Of all the places in Berlin that has changed since the Wall came down, none has changed more than Potsdamer Platz. The former wasteland in the heart of the city is now a major traffic intersection and the site of Berlin’s most eye-catching skyscrapers. The contrast for us from our previous visit here was tremendous. But of course Potsdamer Platz wasn’t always a wasteland – far from it. In the late nineteenth and early twentieth century, when Berlin was one of the liveliest capitals in Europe, this was one of its liveliest quarters. But with the advent first of National Socialist rule, and then of war, the parties came to an abrupt end. Potsdamer Platz fell silent, and then, like much of the city, was reduced largely to rubble by the onslaught of Allied bombing raids. By the end of the war, only a handful of buildings remained. But whereas elsewhere in the city post-war reconstruction started to fill in the gaps left by bombs, Potsdamer Platz was left – because it had the misfortune to lie directly on the border between British, US and Soviet sectors. The line between them was marked first in the asphalt (in 1948) and then, in 1961, the Wall was driven through the heart of the city, and through the heart of Potsdamer Platz. At no other point on the Berlin Wall was there a wider death strip than here, and all buildings within the strip had to disappear. Furthermore, on the western side, the Berlin government purchased and destroyed unused ruins as they were considered dangerous, and not worth rebuilding so close to the Wall. This is the waste-landscape that we saw on our first visit, in 1985. Have a look at the postcard from that time which I have scanned as photo 3.

In 1989 the square became the focus of world attention. Only three days after the fall of the Wall, a section here was removed, a stretch of road asphalted and a border crossing installed – traffic was moving again on Potsdamer Platz. A few months later Roger Waters organised a concert in the no-man's-land between Potsdamer Platz and Pariser Platz (in front of the Brandenburg Gate). It was the largest concert in the history of rock music.

And with reunification came new life for Potsdamer Platz, its very emptiness becoming its strength, as it offered a blank canvas for the newly unified city planners. Soon this was the largest construction site in Europe, building “a city for the 21st century”.

Today, with businesses, tourist draws, bars, restaurants, hotels and shopping, it is once again the lively urban hub that it was 100 years ago, albeit in a very modern style. Attractions include the Panorama Punkt viewing point (see my separate tip), a nineteen screen cinema (the CinemaxX), Legoland, a casino, several nightclubs, and the Daimler 20th century art collection (www.sammlung.daimler.com). Of these we only visited the Panorama Punkt, which was fantastic, but even if you’re not especially interested in any of them you should still put Potsdamer Platz on your Berlin itinerary, in my opinion. You won’t find a public square in the usual sense of the word, but rather a series of connected public spaces clustered around the thoroughfare of Potsdamer Straße. The area buzzes with activity – buskers (this is where we first encountered the lively Rupert’s Kitchen Orchestra whom we were to see again the next day in the Mauerpark), tourists taking photos, local workers hurrying (or trying to hurry) through the crowds to get to meetings ... It’s a great place for people watching!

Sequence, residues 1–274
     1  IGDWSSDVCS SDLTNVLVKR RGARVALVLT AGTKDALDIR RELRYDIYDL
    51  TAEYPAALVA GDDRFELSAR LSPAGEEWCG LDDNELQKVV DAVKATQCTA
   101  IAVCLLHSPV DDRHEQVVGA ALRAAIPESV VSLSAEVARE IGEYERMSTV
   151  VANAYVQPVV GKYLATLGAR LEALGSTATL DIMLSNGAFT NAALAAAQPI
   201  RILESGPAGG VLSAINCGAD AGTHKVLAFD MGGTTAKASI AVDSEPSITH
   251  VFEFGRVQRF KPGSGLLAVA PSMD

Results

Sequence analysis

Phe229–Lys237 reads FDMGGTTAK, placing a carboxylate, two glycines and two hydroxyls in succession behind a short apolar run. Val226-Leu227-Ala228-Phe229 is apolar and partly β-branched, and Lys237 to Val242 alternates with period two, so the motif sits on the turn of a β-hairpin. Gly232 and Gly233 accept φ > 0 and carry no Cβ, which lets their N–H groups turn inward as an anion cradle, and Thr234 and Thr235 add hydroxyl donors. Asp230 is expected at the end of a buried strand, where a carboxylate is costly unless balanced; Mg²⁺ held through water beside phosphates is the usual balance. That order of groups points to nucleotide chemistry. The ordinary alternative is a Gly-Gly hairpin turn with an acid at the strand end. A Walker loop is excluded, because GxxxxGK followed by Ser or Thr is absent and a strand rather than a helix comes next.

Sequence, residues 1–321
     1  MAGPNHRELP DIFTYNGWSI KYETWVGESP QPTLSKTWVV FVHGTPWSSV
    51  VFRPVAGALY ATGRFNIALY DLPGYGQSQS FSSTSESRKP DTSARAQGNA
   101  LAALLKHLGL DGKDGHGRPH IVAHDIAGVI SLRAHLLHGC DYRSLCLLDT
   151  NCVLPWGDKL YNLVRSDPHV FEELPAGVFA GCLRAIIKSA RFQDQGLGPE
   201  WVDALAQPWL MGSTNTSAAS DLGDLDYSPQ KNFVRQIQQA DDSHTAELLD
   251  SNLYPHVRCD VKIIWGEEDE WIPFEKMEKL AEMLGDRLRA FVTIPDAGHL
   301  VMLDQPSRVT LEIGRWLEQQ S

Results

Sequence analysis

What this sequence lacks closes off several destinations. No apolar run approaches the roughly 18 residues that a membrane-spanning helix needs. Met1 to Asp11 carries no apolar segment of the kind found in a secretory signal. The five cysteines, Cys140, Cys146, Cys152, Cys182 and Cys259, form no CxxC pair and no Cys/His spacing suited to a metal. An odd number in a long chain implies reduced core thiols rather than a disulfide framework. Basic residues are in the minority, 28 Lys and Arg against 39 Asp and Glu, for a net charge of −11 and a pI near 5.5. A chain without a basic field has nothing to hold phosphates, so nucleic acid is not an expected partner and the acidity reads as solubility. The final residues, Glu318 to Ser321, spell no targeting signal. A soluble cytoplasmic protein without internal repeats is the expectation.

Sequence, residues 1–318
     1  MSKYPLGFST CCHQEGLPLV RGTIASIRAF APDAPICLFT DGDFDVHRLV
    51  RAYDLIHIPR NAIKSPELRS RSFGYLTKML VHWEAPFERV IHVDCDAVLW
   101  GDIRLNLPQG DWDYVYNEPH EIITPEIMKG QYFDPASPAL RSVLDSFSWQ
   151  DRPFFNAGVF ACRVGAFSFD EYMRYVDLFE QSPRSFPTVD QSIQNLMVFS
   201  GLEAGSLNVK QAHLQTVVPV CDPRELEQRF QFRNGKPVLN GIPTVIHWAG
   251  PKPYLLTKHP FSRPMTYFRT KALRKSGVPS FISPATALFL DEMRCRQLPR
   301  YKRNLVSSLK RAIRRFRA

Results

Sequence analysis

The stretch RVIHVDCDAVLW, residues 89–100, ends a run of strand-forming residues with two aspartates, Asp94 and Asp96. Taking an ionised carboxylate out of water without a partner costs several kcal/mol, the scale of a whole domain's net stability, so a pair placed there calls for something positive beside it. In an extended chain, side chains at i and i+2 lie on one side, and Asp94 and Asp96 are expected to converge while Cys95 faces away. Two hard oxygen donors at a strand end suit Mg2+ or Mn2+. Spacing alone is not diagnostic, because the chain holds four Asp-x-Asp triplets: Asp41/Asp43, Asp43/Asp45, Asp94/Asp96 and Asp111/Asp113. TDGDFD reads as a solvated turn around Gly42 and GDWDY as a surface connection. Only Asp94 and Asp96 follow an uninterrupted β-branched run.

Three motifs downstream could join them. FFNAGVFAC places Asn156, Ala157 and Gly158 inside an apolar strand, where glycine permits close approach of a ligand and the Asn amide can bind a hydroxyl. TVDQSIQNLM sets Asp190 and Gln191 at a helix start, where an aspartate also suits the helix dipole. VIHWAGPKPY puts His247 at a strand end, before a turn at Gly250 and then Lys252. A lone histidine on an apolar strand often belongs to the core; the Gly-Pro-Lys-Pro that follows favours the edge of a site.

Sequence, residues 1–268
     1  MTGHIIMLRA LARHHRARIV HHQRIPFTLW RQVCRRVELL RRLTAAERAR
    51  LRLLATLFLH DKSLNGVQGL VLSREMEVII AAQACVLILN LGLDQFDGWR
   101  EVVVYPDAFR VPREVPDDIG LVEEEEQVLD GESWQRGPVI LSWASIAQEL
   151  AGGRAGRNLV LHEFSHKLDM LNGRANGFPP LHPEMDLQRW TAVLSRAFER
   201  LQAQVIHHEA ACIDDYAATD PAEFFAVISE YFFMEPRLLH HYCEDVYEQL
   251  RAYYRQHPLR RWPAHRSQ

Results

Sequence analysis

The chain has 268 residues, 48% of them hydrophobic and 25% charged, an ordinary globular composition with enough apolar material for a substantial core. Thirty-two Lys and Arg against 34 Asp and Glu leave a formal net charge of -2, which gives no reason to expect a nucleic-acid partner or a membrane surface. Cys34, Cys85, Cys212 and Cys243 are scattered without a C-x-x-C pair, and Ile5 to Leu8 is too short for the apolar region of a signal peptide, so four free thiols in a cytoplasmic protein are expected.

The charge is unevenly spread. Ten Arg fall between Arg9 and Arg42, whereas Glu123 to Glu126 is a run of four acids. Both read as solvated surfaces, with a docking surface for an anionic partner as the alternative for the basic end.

And as everywhere in this city, even here in its most modern manifestation, the past is with us. Look carefully and you will see the line of the Wall carefully recorded on the ground in a double row of darker stones (see photo in my Local Customs tip about the Wall). And there are actual fragments of the Wall too, which act as supports for a series of information boards about the history of the area (photo 4). Past, as so often in Berlin, meets present ...

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toonsarah
Jun 17, 2011

Things to Do Near Potsdamer Platz

Things to Do

Topography of Terror

The Topography of Terror is both an outdoor and indoor museum on the site of the previous Nazi headquarters for the Gestapo and SS. It lies at the intersection of Wilhelmstrasse and...
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Holocaust Memorial

I could never understand the behavior of people at times .... This place is not for posing for photos doing your "V" for victory signs ... or for jumping from slab to slab .... This is a memorial...
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Museum für Kommunikation - Museum for Communication

Museum for Communication was established in 1995 in this building which is imposing example of Wilhelmine architecture. The museum is charged with documenting all aspects of the history of...
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Neue Nationalgalerie - CLOSED

The Neue Nationalgalerie is an impressive museum exhibiting art works from 1900 to 1945. A large collection of German Expressionist including Max Beckman and Otto Dix. There was also a nice exhibition...
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Kulturforum

This is Berlin's main gallery of old masters, from the 14th through 18th Century. Its their answer to the MET in NYC or the Louvre in Paris. One can see many masterpieces here from Germany, Holland,...
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Things to Do

Pariser Platz

Pariser Platz stands at the eastern end of Unter den Linden next to the Brandenburg Gate. It was laid out between 1732 and 1734 in what was a Baroque expansion of the city. It received its present...
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Getting to Potsdamer Platz

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Potsdamer Platz, Berlin-Tiergarten